David Mayhan once heard asylum cases described as “murder cases in traffic court.” The proceedings have characteristics akin to low-level cases — they aren’t heard by a jury; and on top of that, federal rules of evidence don’t apply — but the stakes are high for the people seeking asylum because of the dangerous circumstances they’ve fled in their home country.
“You have, hanging in the balance, someone’s life,” Mayhan said. “It’s like a murder case.”
Asylum cases are inherently difficult for applicants to succeed in. Even when an asylum seeker has a lawyer representing them, the chance of winning tends to be less than 50%. Mayhan compared trying to win an asylum case to “trying to fit a square peg in a round hole” if the person is seeking asylum for reasons other than political persecution because there’s a specific set of categories of persecution a person has to fit in to qualify: Persecution based on race, religion, nationality, political beliefs or belonging to a specific “social group.” Mayhan said fleeing economic circumstances or rampant crime, such as gang violence don’t qualify.
Mayhan is a litigator for Butler Snow, but tougher and more rewarding than any case with millions of dollars at stake are his pro bono asylum cases, he said. In August 2019 he won a case in New Orleans immigration court for a Honduran woman, who fled an abusive partner, and her teenage son. The judge’s order granting asylum to Dunia Alonso-Sanchez describes the abuse Mayhan’s client suffered at the hands of Alonso-Sanchez’ former partner, including beatings, threats with weapons and rape.
He said she wasn’t aware of how low the success rates for asylum cases tends to be, and while the team at Butler Snow didn’t give her unrealistic expectations, Mayhan said the high likelihood of death migrants from Honduras face if they are deported back because of the country’s danger weighed on his mind while he worked on Alonso-Sanchez’ case.
“It’s like a death sentence, especially for people who leave the situation of gangs and violence, and a country that has been unable to protect women [especially],” he said.
Mayhan said Alonso-Sanchez came into the U.S. through El Paso and made her way into Alabama to stay with relatives. Lawyers in Butler Snow’s Ridgeland, Mississippi, headquarters had connected with Alonso-Sanchez through the National Immigrant Justice Center and felt her case had a higher chance of succeeding in New Orleans than in Atlanta. New Orleans’ immigration court had a 10-15% rate of granting asylum to applicants, versus about less than 5% in Atlanta.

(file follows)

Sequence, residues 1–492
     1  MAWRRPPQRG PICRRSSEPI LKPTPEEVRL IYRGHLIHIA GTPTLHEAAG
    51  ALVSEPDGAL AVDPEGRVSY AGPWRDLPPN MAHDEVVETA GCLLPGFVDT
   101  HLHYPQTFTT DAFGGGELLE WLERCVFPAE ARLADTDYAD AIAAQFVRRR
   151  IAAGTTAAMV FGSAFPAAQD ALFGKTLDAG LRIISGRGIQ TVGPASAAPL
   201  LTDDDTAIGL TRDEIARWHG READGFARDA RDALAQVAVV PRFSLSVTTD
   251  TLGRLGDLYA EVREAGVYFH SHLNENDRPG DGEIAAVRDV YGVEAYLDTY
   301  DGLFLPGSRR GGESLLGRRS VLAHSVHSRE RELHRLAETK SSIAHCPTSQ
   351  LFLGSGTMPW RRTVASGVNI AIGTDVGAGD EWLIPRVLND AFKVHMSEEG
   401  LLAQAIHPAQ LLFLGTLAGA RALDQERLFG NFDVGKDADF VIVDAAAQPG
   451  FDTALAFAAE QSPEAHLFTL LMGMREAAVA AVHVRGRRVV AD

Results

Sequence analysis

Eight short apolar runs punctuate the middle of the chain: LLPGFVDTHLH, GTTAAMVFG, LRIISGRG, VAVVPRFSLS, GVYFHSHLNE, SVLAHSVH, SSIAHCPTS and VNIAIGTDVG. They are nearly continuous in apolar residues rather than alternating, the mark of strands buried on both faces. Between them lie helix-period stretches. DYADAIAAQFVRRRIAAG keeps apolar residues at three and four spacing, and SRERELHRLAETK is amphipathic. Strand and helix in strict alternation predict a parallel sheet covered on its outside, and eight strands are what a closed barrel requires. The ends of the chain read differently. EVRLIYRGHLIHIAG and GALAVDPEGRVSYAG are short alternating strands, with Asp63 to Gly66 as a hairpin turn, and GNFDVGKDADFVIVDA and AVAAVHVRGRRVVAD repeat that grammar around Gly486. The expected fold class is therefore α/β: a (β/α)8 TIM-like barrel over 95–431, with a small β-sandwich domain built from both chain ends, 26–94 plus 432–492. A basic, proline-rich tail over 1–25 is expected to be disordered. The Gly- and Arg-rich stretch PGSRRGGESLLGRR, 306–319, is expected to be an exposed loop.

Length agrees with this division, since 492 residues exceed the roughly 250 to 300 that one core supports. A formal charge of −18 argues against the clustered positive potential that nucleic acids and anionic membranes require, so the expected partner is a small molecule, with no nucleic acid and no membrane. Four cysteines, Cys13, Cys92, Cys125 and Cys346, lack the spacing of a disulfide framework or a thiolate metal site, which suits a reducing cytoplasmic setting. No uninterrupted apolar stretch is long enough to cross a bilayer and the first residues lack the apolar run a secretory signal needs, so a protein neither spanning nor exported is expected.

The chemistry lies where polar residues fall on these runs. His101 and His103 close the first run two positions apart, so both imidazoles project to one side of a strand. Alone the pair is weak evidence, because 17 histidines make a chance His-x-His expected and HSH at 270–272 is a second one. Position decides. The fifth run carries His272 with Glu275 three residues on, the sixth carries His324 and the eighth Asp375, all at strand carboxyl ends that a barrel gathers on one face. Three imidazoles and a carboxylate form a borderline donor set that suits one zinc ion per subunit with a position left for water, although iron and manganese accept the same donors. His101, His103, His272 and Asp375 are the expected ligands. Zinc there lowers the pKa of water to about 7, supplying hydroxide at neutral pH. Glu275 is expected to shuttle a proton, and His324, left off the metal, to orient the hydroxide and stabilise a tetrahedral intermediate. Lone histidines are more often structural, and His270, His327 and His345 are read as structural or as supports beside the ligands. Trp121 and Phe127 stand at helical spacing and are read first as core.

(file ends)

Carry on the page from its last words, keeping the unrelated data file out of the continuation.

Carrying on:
According to the asylum order, the judge decided Alonso-Sanchez and her son’s relationship as immediate family members of her ex-partner qualified as a social group they had suffered harm as members of. Asylum seekers who are not seeking protection from political protection also have to prove their government can’t or isn’t willing to control their persecutor. The court’s order found the Honduran government didn’t take sufficient action against Alonso-Sanchez’s former partner even after she reported him, and it also noted he already had relationships with police.
“I never realized that membership in a particular social group could fit in this way, but that’s how Dunia [got] in,” Mayhan said.
Asked whether he ever feels confident about an asylum client’s chance of winning their case given the low success rate in asylum cases, Mayhan said he has a lot of fear about the outcomes. “You can get attached to these people very easily.”
Mayhan worked on Alonso-Sanchez’ case with Xan Ingram Flowers, an attorney in the firm’s Birmingham, Alabama, office, and a few summer associates. He said as a law firm based in the South, Butler Snow has a background in civil rights law. Some lawyers at the firm in the 1960s got involved in civil rights cases, and Mayhan said they lost their practices because they were white men representing black clients. Mayhan said he started doing asylum cases because of the responsibility he feels to give back.
He said the cases have taught him to be a humbler person and to persevere even in situations where a lot of factors are out of his control, and he believes asylum cases are good for young lawyers who want a challenge.
Mayhan understands that migrants who come to the U.S. just want to work and have an opportunity to thrive. They aren’t looking for handouts. “I consider myself a conservative, but I do wish that people in the current administration could meet some of these asylees,” he said in an email. “It would change hearts.”